bear


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Related to bear: beer, brown bear

bear

(bâr)
n.
a. Any of various usually omnivorous mammals of the family Ursidae that have a shaggy coat and a short tail and walk with the entire lower surface of the foot touching the ground.
b. Any of various other animals, such as the koala, that resemble a true bear.
(1) A subculture in gay/bisexual male communities with events, codes and culture-specific identity that hinge around a hypermasculine identity
(2) A member of a subculture of gay/bisexual males who is hairy and often bearded. Some bears have embraced transgendered as well as non-gendered individuals
References in classic literature ?
'Is that the royal palace?' cried the bear; 'it is a wretched palace, and you are not King's children, you are disreputable children!' When the young wrens heard that, they were frightfully angry, and screamed:
"Why dost thou hunt only bear?" Klosh-Kwan once ventured to ask him.
"But if you remain visible the bears will see you and devour you," said a girlish young voice, that belonged to one of the children.
That the dangers apprehended from the grizzly bear, at this night encampment, were not imaginary, was proved on the following morning.
When we came to the tree, there was Friday got out to the small end of a large branch, and the bear got about half-way to him.
It's a very slimpsy affair altogether, that bear rug, and the old woman is sorry it came to life.
"I shall have to practise the steps a bit," my Lady said, looking out through the Bear's mouth: "one ca'n't help being rather human just at first, you know.
He'd count our cartridges one by one and then try to figure how long it would be before the last was ex-pended and we must either remain in the hut until we starved to death or venture forth, empty, to fill the belly of some hungry bear.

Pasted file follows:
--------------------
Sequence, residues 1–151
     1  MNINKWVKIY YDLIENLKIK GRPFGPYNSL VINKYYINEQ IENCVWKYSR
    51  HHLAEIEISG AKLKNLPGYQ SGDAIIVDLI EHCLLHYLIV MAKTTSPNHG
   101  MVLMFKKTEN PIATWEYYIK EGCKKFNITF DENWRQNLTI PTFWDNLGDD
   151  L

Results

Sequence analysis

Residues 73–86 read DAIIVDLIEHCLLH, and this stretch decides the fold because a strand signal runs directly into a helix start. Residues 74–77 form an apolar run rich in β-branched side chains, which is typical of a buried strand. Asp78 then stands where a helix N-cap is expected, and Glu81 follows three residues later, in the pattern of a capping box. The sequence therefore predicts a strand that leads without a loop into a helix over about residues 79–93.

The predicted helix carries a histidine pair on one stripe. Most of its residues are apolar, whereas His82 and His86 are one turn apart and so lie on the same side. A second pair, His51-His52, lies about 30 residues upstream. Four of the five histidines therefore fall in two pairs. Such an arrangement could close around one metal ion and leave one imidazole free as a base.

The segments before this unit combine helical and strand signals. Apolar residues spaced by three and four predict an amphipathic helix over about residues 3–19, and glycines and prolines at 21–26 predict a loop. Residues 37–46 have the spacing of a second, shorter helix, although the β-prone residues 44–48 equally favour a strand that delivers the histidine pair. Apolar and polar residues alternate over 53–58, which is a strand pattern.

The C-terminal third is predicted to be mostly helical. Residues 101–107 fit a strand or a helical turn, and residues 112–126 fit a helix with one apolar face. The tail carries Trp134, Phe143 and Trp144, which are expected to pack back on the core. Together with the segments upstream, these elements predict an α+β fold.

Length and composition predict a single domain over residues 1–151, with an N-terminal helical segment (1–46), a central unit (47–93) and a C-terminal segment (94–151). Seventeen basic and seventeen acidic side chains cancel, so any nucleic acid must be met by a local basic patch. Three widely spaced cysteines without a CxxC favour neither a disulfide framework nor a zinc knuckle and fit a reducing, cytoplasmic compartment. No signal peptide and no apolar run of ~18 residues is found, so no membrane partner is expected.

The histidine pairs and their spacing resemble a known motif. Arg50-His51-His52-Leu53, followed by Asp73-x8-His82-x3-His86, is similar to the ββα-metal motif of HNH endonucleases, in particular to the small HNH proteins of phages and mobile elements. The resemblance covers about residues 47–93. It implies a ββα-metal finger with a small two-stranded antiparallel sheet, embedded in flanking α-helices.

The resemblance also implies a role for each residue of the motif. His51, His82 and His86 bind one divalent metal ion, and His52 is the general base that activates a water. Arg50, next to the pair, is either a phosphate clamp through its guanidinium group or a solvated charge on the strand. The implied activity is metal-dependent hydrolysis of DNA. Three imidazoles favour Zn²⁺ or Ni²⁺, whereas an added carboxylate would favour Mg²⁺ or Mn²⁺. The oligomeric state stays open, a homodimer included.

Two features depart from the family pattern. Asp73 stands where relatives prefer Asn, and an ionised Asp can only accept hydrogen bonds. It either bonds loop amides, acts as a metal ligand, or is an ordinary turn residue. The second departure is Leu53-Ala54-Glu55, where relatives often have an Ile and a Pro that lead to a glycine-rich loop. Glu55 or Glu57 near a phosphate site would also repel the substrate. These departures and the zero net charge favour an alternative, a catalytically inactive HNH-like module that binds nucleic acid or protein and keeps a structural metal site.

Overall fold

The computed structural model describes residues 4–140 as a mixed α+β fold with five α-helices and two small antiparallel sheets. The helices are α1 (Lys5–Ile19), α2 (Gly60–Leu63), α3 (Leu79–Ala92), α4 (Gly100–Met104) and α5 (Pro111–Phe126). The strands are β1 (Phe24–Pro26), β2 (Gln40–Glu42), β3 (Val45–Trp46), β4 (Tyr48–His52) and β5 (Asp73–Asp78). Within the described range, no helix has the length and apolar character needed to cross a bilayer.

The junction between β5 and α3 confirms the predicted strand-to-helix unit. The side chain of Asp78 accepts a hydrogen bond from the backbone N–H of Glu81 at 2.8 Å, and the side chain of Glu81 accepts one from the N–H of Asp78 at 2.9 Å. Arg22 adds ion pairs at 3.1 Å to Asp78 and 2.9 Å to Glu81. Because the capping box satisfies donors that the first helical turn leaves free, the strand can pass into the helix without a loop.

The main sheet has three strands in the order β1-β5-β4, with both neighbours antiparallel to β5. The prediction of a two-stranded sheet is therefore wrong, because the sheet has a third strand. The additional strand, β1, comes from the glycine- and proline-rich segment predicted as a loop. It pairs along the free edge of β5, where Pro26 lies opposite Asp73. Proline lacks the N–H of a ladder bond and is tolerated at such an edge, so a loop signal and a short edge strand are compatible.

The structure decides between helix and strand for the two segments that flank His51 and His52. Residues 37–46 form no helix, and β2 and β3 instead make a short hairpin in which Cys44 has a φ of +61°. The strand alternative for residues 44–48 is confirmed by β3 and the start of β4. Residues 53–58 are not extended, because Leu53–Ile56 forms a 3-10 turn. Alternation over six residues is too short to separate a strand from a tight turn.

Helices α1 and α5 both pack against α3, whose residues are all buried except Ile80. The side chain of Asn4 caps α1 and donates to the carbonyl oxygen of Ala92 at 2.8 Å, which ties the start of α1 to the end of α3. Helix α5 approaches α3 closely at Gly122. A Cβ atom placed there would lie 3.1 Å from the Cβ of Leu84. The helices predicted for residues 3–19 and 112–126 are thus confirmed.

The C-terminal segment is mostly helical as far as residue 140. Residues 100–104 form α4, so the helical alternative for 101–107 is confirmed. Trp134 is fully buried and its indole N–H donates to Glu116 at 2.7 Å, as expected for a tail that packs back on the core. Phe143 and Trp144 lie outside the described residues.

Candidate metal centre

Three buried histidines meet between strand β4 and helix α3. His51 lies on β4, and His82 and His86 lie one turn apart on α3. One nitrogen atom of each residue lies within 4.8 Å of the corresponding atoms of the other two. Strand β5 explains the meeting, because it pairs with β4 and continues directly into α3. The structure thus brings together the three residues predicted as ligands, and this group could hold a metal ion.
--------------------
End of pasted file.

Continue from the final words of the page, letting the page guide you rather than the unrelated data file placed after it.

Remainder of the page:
The horror of darkness, like a shroud, Wraps me and bears me on through mist and cloud.
"And as to the prize, sire," quoth Sir Nigel, "I am sure that I speak for all when I say this French knight hath our leave to bear it away with him if he can fairly win it."
The citizens of a free state ought to [1297b] consist of those only who bear arms: with respect to their census it is not easy to determine exactly what it ought to be, but the rule that should direct upon this subject should be to make it as extensive as possible, so that those who are enrolled in it make up a greater part of the people than those who are not; for those who are poor, although they partake not of the offices of the state, are willing to live quiet, provided that no one disturbs them in their property: but this is not an easy matter; for it may not always happen, that those who are at the head of public affairs are of a humane behaviour.
When he blew this bugle, four-and-twenty other gentlemen of inferior rank, in Lincoln green a little coarser, and russet boots with a little thicker soles, turned out directly: and away galloped the whole train, with spears in their hands like lacquered area railings, to hunt down the boars, or perhaps encounter a bear: in which latter case the baron killed him first, and greased his whiskers with him afterwards.